Ugandan Endeavor: Day 8 (Sun) – Starting Work on the Computers

Jane is to speak at a church in Mbale today. The car was supposed to arrive at 8am to get Jane there around 9am and I was going to ride into town as well with some of the guys from the orphanage to help me get some computer setup complete. Of course, we dropped Jane off at the church around 11am. We went to a location to work on the computers and sat in front of the door because the person that brought us there didn’t have a key. After a couple hours of this, we decided to go to another location because it was uncertain when the person with the key would show. (Of course, nobody thought that not having a key was an issue.)

After getting setup in the second location to work on computers, I began to try to teach these other three guys how to modify the computer to meet our needs. These are people that only have used computers to send emails because it costs too much money to use them at the internet cafes for anything else. For those of you who are curious, I was having these guys boot into a linux bootable CD (Knoppix), start a graphical partition editor, delete a partition, and create two partitions meeting my requirements. We had 10 computers to get through.

I attempted to explain what a hard drive was, what partitions are, and what file systems are. Those of you whom I have tried to teach before, you may remember that I am not somebody most people want for a teacher. I think it has to do with my lack of patience and creativity in presenting material. So, after many hours little was accomplished (relative to what I could have done on my own) and we were told that we would have to leave around 9pm because the president was in town and that there was a 11pm curfew.

So, the three of us working on the computers at that point headed over this woman’s house that we had went to earlier for dinner. She offered a place for us to sleep for the night so that we could get back to work in the morning. This woman, Ann, was an amazing hostess and incredibly hospitable. She had a few younger girls helping her cook, etc. However, I was quite disturbed because soon after we arrived each of the girls came out to use in the main room and got on her knees, extended her hand, and then said, “You’re welcome.” She would then waddle on her knees to the next person and do the same thing all around the room this happened and she went back into the kitchen to never show up again. Then not long after, one of the girls came out with a pitcher of water and a basin with soap and came to each of us so we could wash our hands. She said nothing, just served.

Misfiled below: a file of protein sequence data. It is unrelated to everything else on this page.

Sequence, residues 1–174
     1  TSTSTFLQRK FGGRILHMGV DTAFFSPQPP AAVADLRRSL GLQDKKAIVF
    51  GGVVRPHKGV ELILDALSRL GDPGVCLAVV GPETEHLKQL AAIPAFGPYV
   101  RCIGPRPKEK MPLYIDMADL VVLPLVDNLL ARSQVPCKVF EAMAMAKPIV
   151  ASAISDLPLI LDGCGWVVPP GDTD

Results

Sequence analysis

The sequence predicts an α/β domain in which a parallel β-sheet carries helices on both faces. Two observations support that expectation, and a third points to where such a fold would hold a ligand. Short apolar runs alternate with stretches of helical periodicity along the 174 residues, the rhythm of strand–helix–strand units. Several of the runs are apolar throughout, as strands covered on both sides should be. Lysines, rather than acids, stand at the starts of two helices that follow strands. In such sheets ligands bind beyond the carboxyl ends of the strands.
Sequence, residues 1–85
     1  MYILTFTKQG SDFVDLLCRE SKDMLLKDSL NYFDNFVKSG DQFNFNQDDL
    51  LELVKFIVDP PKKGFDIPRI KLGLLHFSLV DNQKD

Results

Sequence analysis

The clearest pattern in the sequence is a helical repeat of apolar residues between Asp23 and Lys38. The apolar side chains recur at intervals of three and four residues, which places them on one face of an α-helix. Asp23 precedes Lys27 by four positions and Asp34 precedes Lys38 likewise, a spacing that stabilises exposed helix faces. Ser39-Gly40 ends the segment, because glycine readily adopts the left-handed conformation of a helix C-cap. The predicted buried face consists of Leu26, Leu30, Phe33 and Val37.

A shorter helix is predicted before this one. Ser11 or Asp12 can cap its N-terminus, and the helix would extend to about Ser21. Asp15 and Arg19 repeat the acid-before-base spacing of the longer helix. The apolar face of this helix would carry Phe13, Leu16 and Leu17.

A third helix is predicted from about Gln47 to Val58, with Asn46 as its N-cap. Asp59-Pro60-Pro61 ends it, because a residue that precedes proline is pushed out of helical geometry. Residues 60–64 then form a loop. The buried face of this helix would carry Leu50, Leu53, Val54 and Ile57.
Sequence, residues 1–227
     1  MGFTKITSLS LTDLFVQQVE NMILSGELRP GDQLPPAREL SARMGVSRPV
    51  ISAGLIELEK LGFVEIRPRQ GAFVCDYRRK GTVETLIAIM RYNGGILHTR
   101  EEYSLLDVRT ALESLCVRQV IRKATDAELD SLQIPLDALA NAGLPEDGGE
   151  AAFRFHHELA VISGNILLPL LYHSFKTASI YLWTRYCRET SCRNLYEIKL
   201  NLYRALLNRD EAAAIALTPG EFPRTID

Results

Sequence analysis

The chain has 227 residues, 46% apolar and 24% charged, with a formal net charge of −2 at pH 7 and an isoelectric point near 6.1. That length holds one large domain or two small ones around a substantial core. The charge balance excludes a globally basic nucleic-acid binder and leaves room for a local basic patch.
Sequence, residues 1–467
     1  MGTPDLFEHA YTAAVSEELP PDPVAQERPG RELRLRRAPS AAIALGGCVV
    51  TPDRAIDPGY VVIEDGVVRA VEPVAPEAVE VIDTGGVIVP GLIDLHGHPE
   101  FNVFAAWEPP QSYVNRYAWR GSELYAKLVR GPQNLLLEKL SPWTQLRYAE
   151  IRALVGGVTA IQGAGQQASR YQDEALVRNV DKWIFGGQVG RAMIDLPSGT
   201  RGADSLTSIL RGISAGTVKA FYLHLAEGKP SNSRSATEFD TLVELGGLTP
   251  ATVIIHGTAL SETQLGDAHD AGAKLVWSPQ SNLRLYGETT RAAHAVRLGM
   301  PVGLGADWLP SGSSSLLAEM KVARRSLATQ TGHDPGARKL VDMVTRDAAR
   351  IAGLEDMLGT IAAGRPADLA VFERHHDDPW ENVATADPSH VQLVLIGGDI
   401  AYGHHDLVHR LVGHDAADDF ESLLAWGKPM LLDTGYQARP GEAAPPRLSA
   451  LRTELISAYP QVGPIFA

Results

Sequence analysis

This type of behavior is very disturbing to me. There is a clear distinction between men and women in the more traditional style homes. Then on top of that, there is very much a mentality that white people are inherently better than Africans. Many people here simply believe that white people are superior; they see themselves as inferior mentally, physically, etc. It’s so very sad to see people live in this type of environment where women believe they are inferior to men and Africans believe they are inferior to white people.

Published by

jason exposed

Jason Lund

Leave a Reply